Researchers at security specialist ESET claim to have found a shiny new advanced persistent threat (APT) group dubbed FamousSparrow – after discovering its custom backdoor, SparrowDoor, on hotels and government systems around the world.
“FamousSparrow is currently the only user of a custom backdoor that we discovered in the investigation and called SparrowDoor,” ESET researcher and co-author of the report Tahseen Bin Taj explained in a prepared statement. “The group also uses two custom versions of Mimikatz. The presence of any of these custom malicious tools could be used to connect incidents to FamousSparrow.”
The group can be traced back to 2019, the researchers claimed, though the attacks tracked in the report made use of the ProxyLogon vulnerability in Microsoft Exchange starting in March this year. Victims were spread around Europe, the Middle East, the Americas, Asia, and Africa – without a single one being discovered in the US, oddly.
Another interesting wrinkle comes from its focus. With ESET’s researchers suggesting the group’s attacks are for the purpose of espionage, it’s no surprise to see government organisations, engineering firms, and law offices among those targeted – but the majority of its victims were hotels, the report found.
It’s not entirely certain that FamousSparrow represents a wholly new APT group. While the SparrowDoor tool appears to be exclusive and suggests a new player, the researchers found potential links between FamousSparrow and existing APT groups – including the use of the Motnug loader known to have been used by a group dubbed SparklingGoblin and a SparrowDoor-compromised machine seen to be connecting to a command and control server connected to the DRDControl group.
FamousSparrow is also far from the only group taking advantage of the ProxyLogon vulnerability, with researchers having linked its use to more than ten APT groups – most of which, like FamousSparrow, began their attacks the day after Microsoft had released patches, taking advantage of the window between the release of a patch and its widespread installation.
The group revealed that it had detected around 20 infections worldwide.
“This is another reminder that it is critical to patch internet-facing applications quickly,” report co-author Matthieu Faou, who discovered the backdoor with fellow ESET researcher Bin Taj, advised for those looking to protect themselves from the group and others, “or, if quick patching is not possible, to not expose them to the internet at all.”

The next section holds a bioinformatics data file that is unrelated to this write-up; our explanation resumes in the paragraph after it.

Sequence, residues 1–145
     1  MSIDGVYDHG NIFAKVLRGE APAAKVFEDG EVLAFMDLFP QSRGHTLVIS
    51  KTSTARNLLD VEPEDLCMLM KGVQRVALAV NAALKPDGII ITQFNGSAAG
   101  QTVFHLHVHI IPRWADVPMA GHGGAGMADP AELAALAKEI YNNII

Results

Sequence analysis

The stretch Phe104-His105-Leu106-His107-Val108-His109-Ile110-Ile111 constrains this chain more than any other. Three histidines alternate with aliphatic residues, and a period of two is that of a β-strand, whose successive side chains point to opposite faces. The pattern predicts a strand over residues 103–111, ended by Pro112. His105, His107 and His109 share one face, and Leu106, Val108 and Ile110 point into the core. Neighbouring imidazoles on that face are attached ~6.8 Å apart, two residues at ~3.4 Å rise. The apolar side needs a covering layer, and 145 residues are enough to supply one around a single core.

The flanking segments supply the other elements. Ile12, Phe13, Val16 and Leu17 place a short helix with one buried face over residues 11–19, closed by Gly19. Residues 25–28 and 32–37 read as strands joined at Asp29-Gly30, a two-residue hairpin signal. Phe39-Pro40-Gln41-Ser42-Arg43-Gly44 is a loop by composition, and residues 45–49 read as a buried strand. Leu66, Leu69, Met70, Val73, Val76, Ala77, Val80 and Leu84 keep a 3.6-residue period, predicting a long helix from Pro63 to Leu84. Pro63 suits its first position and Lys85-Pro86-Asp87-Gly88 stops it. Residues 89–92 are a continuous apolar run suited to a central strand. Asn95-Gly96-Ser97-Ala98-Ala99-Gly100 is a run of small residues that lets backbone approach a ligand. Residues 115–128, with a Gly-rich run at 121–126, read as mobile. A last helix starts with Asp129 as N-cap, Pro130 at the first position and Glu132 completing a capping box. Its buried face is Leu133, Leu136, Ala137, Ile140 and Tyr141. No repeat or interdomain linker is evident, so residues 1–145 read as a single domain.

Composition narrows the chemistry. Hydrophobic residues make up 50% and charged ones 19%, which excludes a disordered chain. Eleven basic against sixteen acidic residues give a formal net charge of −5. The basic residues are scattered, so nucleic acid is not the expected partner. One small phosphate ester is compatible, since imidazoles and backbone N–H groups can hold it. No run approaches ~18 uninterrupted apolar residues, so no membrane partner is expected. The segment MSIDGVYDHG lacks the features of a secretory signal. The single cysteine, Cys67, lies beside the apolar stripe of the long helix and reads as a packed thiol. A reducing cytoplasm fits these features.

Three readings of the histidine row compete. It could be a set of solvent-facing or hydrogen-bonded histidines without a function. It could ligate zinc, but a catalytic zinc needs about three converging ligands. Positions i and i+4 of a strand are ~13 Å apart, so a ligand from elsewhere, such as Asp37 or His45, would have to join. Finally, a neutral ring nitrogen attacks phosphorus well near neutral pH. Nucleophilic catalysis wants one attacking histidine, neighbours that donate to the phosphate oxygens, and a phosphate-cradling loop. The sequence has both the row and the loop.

We asked how likely it was that FamousSparrow was a wholly new group, rather than an existing group using a new tool. ESET researcher Matthieu Faou responded: “We did not find enough evidence to link FamousSparrow to another threat group. This doesn’t necessarily mean FamousSparrow was created recently. They could have stayed undetected for years or they could be a known group that evolved and retooled so much that we could not find a link to their previous activities.”
As to why the group is primarily targeting hotels, Faou told us: “Hotels are interesting for cyber-espionage groups because it allows them to track the travel of their targets and, by infiltrating the network of the hotels, they could potentially spy on the network traffic of people staying at these hotels.” He added: “Even though FamousSparrow compromised a lot of hotels, they’ve also breached several governments.”
Would it be possible to exploit the kill-switch in the backdoor to remove it? Faou said: “The kill-switch is intended to be used by the operators only. The command
0x12635692 should be sent by the C&C server to terminate SparrowDoor. Unless someone takes control of the C&C server and sends the kill command, there is no way of exploiting it to clean the compromised machines.” How can businesses protect themselves from FamousSparrow attack? The ESET researcher told us: “For most of the victims, the initial intrusion vector was a web server unpatched and exposed to the internet. This is another reminder that complex web applications such Microsoft Exchange should be patched quickly and if possible, not exposed to the internet.”
The full report, which goes into detail on the loader’s operation and the backdoor’s capabilities and offers multiple indicators of a compromised system, is available on the ESET research blog. The company has also published samples and additional indicators to GitHub. ®